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World Leaders Lecture Forum: The outlook in Africa

John Prendergast delivers keynote for World Leaders Forum at the University of Utah

As part of the World Leaders Lecture Forum, the Tanner Humanities Center welcomed human-rights activist and best selling author, John Predergast to the University of Utah to discuss his optimistic outlook of Africa. Mr. Predergast’s speech centered around two themes — stories of transformation and the people’s movement to impact change.

In discussing stories of transformation, despite what western media and Hollywood portray, Africa is not a “hopeless continent.” For instance, the movie, Blood Diamond showed the mining of diamonds that were sold to finance conflicts and warlords. However, the movie did not offer a “postscript” stating that today, Sierra Leone is at peace, has had democratic elections, and that war criminals are facing justice.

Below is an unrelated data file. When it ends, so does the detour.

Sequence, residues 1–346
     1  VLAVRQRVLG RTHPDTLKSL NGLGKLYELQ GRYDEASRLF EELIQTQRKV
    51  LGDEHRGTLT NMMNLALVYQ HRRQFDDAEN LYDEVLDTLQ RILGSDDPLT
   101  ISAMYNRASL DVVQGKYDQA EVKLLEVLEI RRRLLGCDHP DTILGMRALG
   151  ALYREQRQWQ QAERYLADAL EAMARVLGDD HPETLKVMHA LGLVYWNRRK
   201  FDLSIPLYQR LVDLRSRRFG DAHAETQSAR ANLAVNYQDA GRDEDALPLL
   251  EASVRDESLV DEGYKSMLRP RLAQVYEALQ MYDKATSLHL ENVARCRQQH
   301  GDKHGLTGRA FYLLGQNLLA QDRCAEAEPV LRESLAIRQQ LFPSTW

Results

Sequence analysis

In discussing how ordinary people can influence change, Mr. Predergast discussed how South Africa’s apartheid ended because, for example, ordinary citizens, college students, and faith-based groups organized and demanded an end to racial segregation.

Referring to a more recent issue, concerned citizens created the Kony 2012 campaign which brought worldwide attention about the Lord’s Resistance Army (LRA) and its leader, Joseph Kony, and his atrocities of enlisting child soldiers, raping women, and destroying villages. As a result of the attention Kony 2012 received, the United States government deployed U.S. troops to Africa to train African soldiers to capture Joseph Kony.

Many people in our communities have likely only learned about events in Africa from the news media, television, and movies. Through this type of event, the University and the community are afforded the opportunity to hear a first-hand account of events that are occurring in parts of the world that can seem to be remote and unknown. To hear that the reality on the ground is more hopeful than hopeless can inspire us to become more involved. Mr. Prendergast ended his speech by encouraging the audience to “get in the game” when it comes to injustices. This can be done through voting, writing letters to Congress, raising funds for causes, blogging and sharing with others what you care about.